Monday, December 26, 2011

Mayan Ruins in Georgia (USA)???

How could I have possibly missed this story?  But I did not see it until today.

Has an 1100 year old Mayan site been discovered in the Georgia mountains?
, Atlanta Road Trip Travel Examiner

Gary Daniels examines the evidence put forth by architect and researcher Richard Thornton regarding this site being Mayan, and concludes that he is correct.  Thornton's article was panned by the academics, of course.  Notice that Mr. Thornton doesn't have a Ph.D. or whatever in anthropology or archaeology or any other 'ology' and thus he is a subject of ridicule to closed-minded know-it-alls who think that "amateurs" have nothing to add to the discussion.  Well, we've seen over and over again how wrong those so-called "experts" can be...

See Gary Daniel's article from December 21, 2011 that contains Thornton's evidence:
Ruins in Georgia mountains show evidence of Maya connection


From mountainx.com

Mayan ruins in Georgia? An unorthodox theory generates Internet buzz

4 comments:

Eugene Wee said...

Maybe your reaction is due to other incidents of premature dismissal of unorthodox theories from established academics, but your aspersions here on academia appear unwarranted since the negative reaction is mainly from Mark Williams, though that researcher does appear to be respected among his peers and has a personal stake in the evidence pertaining to this theory.

Anonymous said...

The whole thing is bunk and Mark Williams is very well respected in our field. This is about as much evidence for Mayans in Georgia as there is for aliens in ancient Egypt on the show Ancient Aliens on the History channel.

mad4science said...

I'm perfectly willing to believe that a site was found in Georgia, but it seems much more likely that it belonged to the Mississippian culture rather than the Mayans. They had a sophisticates society with large cities, and inhabited Georgia during the period in question. What's more, they were known for building stepped pyramids that at first glance look very much like Mayan structures.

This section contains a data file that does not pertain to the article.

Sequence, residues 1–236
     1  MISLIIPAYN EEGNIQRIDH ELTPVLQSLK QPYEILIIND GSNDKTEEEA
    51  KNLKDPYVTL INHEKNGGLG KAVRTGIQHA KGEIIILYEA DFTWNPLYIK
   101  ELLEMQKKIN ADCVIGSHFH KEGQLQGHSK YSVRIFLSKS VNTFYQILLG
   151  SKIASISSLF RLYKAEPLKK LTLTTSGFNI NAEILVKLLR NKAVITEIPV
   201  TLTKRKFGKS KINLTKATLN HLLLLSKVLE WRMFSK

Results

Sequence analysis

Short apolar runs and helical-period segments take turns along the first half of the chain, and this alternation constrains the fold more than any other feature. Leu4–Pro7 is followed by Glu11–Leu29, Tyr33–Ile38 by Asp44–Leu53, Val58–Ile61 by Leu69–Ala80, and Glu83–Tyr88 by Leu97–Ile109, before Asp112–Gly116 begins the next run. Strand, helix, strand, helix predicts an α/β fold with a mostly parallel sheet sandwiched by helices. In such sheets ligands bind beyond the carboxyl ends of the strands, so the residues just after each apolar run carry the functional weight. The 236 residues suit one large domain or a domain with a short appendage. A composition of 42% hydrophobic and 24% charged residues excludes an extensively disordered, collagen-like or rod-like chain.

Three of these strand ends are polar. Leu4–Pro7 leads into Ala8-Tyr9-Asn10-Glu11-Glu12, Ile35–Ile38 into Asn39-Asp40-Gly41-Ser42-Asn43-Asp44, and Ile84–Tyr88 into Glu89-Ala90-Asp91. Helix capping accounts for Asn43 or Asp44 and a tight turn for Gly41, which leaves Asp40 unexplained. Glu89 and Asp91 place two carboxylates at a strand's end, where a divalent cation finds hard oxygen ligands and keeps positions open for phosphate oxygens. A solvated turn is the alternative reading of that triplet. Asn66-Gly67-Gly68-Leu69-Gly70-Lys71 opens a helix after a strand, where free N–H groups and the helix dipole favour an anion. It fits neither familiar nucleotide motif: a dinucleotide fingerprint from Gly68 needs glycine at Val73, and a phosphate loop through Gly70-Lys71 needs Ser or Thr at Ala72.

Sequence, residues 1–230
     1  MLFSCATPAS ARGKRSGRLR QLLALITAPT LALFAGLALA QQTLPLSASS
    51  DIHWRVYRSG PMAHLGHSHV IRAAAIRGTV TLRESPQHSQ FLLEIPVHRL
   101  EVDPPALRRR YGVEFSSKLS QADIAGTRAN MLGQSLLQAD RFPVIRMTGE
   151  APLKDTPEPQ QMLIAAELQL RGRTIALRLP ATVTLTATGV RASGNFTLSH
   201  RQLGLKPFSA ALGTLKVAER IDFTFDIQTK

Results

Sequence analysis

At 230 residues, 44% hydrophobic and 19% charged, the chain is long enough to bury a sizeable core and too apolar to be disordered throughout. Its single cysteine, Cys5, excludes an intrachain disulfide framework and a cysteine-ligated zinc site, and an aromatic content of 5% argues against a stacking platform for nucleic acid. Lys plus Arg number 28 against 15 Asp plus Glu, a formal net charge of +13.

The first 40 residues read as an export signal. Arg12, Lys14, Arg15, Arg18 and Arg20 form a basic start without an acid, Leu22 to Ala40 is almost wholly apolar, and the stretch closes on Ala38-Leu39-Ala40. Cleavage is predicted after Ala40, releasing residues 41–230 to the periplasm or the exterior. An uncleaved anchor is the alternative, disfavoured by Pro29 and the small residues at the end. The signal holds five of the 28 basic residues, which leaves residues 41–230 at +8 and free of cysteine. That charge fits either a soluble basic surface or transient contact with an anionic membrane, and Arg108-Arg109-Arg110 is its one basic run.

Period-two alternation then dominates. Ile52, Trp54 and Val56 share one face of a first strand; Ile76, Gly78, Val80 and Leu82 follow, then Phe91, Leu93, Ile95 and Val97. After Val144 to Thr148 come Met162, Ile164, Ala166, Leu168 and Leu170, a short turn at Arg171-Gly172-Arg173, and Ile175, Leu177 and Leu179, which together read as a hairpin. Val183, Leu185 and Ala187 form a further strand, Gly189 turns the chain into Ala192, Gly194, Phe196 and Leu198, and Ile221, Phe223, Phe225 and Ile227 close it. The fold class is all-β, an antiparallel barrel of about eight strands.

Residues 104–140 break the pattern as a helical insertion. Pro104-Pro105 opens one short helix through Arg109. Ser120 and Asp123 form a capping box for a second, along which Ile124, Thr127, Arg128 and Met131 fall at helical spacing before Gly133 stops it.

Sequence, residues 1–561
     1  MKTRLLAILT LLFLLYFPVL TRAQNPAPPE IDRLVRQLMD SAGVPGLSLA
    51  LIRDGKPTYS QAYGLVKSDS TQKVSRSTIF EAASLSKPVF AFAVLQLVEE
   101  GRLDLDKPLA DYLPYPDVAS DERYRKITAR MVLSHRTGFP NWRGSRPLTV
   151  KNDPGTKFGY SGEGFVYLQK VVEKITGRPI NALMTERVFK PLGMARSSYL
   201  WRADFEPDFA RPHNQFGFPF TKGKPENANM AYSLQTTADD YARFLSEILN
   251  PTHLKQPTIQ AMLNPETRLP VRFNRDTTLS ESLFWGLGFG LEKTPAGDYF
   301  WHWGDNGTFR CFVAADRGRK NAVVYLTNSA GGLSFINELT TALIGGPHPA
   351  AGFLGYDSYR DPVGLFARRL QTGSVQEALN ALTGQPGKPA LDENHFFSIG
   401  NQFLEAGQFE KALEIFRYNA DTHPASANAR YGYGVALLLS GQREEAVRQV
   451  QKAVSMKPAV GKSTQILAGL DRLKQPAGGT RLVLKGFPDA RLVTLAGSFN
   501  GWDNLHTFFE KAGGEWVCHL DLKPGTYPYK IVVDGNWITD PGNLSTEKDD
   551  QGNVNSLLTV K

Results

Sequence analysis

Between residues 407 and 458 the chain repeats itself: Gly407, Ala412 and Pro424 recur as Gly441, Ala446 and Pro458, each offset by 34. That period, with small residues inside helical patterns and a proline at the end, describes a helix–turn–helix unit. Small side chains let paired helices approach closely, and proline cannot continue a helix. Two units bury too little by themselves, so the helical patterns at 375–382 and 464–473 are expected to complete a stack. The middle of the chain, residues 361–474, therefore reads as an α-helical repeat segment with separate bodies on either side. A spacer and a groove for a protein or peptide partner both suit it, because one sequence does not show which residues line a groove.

Jan said...

Happy New Year! It seems obvious that there is SOMETHING on that mound in Georgia, and it has nothing to do with little green or grey people with slanty eyes illegally immigrating from other planets.

I don't know anything about the Mississippian Culture. Did they build structures similar to the Maya (that most people think of when they here the term) approximately 1100 years ago? My memory isn't so good anymore, but I confess to not having heard of any North American culture that actually built anything resembling a step pyramid. If the Mississippian culture did this, can you please point me in the right direction with a link or two?

I'm not round read on the subject by any means; what knowledge I have is about mounds built by various Native American cultures that were extremely sophisticated,but are distinctly different from Mayan architecture.

If I were an archaeologist or anthropologist, I would not be so hasty to throw dirt on a new hypothesis and evidence put forward that purports to support it. Are we really so SURE about anything, after all, when it comes to the peopling of America? I think not. It wasn't so long ago that Clovis was thought to be the end-all and be-all for the FIRST evidence of man in the new world. THAT conclusion turned out to be wrong.

And so it goes. I think it will be very interesting to see what crops up over the next 30 years, as DNA studies are refined and new studies are undertaken, and old digs are revisited with "new eyes" and new technology. I certainly intend to live at least that much longer, and if this blog is still going then I'll be going "nanny nanny booo booo" to the researchers who thought they had a "definitive" answer to -- anything.

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